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News Updates: February and March 2024

The Indian Patents (Amendment) Rules, 2024 Comes Into Effect


On 15 March, the Indian Ministry Of Commerce And Industry published changes to the Patents Rules 2003, introducing the Indian Patents (Amendment) Rules, 2024 (the Rules). These changes have key implications for the Indian patent application procedure, most significantly on the application timeline. For instance, the time limit for requesting an examination of the application has been reduced from forty-eight months to thirty-one months. Further, an additional provision allows for requesting a grace period of twelve months, under certain conditions. The Rules now also provide for a Certificate of Inventorship to be issued in the inventor’s name, with provisions for duplicate copies to be issued if the original gets lost, destroyed, damaged, or cannot be produced.



US District Court Judge Sides With Sony In $500m Patent Infringement Suit


In 2017, Genuine Enabling Technology (GET) sued Sony, alleging patent infringement by three of Sony’s PlayStation products - the PS3 console and DualShock 3 controller, the PS4 console and DualShock 4 controller, and the Move controller. Claiming $500 million as damages, GET contended that the PlayStation controller’s functionality incorporated GET’s patented technology. In response, Sony filed a motion for summary judgment of noninfringement at the District Court of Delaware in 2023 and argued that GET did not give enough evidence to support the claims. Judge Goldberg, in his Memorandum Opinion, granted Sony’s motion and agreed that GET failed to “raise a dispute of fact”, effectively concluding the case. Interestingly, GET has also filed a similar patent infringement suit against Nintendo, that remains ongoing.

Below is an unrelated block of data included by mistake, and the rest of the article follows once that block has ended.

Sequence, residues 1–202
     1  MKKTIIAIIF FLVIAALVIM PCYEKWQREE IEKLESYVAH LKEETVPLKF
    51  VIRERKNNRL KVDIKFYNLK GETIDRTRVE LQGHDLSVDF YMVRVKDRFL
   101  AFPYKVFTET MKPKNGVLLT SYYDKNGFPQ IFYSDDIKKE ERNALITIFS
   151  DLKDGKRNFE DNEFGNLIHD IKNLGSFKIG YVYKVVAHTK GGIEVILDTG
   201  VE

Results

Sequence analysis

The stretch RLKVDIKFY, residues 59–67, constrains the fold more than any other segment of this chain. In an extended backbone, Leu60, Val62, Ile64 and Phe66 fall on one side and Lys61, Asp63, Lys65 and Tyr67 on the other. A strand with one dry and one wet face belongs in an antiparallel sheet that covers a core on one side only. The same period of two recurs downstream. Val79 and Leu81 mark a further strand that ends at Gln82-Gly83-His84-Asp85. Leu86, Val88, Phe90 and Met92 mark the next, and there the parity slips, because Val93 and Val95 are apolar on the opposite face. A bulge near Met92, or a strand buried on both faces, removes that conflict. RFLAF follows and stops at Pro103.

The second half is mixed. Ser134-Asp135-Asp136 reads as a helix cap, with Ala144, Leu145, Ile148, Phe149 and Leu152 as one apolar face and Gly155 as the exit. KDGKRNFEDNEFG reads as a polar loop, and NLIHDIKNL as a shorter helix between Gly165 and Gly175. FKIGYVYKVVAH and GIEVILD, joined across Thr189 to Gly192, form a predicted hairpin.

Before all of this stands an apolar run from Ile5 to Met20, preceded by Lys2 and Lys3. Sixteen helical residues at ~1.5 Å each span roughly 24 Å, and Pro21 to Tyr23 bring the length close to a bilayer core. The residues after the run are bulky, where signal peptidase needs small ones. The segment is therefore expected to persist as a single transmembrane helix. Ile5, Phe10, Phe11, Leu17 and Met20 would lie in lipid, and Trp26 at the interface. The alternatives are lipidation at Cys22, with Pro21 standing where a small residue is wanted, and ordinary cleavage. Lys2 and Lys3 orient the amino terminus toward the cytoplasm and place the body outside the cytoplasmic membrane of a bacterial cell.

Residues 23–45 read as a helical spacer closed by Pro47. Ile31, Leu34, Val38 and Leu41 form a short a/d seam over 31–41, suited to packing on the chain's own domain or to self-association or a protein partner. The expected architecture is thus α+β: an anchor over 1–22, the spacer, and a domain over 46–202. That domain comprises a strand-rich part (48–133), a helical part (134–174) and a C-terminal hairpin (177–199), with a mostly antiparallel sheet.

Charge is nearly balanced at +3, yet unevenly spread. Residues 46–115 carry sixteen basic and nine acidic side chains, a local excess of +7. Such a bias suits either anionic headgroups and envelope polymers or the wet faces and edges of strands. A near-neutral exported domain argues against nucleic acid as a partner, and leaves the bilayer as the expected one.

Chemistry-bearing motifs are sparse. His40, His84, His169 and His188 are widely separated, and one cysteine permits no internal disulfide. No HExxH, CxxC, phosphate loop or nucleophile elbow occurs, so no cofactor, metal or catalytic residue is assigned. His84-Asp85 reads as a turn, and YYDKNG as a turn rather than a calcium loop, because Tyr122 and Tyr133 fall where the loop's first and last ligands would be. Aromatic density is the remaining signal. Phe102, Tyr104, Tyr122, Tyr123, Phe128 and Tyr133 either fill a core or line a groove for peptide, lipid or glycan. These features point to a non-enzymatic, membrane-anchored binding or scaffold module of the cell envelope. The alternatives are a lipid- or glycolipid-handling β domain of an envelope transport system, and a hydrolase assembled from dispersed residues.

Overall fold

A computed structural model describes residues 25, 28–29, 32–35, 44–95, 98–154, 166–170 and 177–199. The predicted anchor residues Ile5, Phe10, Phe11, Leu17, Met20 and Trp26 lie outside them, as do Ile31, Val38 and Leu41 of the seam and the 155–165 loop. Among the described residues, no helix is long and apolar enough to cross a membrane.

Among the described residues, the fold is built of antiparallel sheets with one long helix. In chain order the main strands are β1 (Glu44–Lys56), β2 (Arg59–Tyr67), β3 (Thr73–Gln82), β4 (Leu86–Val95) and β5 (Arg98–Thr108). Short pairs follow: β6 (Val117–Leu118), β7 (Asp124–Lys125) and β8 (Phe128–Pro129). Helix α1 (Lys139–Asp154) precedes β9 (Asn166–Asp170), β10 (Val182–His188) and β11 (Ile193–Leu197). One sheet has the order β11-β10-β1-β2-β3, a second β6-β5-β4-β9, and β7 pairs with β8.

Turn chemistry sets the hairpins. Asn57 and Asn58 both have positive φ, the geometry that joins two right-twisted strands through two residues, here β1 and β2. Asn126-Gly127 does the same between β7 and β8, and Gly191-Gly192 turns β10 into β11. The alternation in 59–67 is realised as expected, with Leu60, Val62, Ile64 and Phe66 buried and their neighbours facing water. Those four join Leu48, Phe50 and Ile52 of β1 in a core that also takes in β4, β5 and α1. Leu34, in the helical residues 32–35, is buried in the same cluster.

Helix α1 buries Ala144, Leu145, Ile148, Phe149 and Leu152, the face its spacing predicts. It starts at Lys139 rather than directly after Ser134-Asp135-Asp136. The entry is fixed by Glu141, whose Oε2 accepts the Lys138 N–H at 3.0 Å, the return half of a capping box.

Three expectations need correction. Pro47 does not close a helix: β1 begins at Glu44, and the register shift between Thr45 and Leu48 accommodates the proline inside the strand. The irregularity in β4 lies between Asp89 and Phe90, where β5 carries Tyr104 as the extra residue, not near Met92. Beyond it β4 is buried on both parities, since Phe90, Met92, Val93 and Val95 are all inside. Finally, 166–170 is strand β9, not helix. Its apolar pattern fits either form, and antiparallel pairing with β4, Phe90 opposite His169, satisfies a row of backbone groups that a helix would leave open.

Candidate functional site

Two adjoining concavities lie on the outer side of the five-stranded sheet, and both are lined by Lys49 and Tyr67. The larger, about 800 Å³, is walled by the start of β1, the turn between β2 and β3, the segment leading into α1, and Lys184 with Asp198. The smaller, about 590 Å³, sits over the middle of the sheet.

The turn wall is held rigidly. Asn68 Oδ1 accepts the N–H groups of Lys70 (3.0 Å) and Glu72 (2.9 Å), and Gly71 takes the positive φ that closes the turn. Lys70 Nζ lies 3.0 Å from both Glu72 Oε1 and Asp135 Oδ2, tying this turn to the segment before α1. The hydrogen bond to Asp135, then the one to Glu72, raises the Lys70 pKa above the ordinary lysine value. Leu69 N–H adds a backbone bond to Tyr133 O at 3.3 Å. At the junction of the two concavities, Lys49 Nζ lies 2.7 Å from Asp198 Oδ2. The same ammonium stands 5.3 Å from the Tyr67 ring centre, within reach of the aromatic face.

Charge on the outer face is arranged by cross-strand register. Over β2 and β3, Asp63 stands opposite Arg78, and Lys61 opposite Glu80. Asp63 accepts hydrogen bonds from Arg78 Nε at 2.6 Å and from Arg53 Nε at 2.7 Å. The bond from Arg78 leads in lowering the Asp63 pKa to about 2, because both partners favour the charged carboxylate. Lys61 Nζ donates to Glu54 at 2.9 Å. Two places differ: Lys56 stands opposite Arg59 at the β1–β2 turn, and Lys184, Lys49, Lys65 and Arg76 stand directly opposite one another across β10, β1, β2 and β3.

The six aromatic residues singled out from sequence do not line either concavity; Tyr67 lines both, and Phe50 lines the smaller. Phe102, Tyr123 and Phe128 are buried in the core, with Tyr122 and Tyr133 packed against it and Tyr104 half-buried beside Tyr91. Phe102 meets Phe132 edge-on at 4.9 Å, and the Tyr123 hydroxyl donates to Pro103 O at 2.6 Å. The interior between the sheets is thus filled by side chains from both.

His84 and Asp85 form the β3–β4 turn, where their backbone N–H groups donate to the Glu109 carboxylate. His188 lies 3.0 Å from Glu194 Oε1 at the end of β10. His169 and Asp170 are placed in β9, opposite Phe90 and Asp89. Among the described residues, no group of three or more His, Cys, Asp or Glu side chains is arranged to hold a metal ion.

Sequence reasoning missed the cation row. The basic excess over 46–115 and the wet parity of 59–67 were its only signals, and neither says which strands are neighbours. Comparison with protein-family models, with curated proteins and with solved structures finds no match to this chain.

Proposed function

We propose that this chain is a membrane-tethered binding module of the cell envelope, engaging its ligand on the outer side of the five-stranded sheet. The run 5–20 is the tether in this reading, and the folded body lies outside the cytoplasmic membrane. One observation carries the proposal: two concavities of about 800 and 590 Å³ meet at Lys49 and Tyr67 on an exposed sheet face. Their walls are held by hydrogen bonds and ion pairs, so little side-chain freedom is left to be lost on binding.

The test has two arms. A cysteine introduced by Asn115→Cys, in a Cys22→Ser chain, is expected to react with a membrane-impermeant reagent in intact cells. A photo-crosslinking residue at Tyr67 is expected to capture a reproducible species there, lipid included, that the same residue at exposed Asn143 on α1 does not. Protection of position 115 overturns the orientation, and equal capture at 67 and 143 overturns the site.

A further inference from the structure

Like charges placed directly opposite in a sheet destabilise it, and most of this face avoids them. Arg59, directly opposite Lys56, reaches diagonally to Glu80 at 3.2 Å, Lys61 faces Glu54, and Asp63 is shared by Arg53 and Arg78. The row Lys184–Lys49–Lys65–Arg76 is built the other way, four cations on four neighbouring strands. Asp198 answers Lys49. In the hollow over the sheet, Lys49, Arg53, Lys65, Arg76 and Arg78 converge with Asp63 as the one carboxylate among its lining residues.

Fujifilm Sues Eastman Kodak For Patent Infringement 


Fujifilm Corporation filed a lawsuit against Eastman Kodak Company in the US District Court for the District of New Jersey. It alleges infringement of four of Fujifilm’s patents related to various aspects of processless lithographic printing plate technologies. In its press release, Fujifilm announced that it is seeking relief for Kodak’s unauthorised activities of using, manufacturing, selling, offering to sell, and importing the products infringing upon these patents. Some of these products include the ones sold under Kodak’s brand ‘SONORA X’. Previously, Fujifilm sued Kodak’s European subsidiaries for similar infringement on European counterparts of the US patents.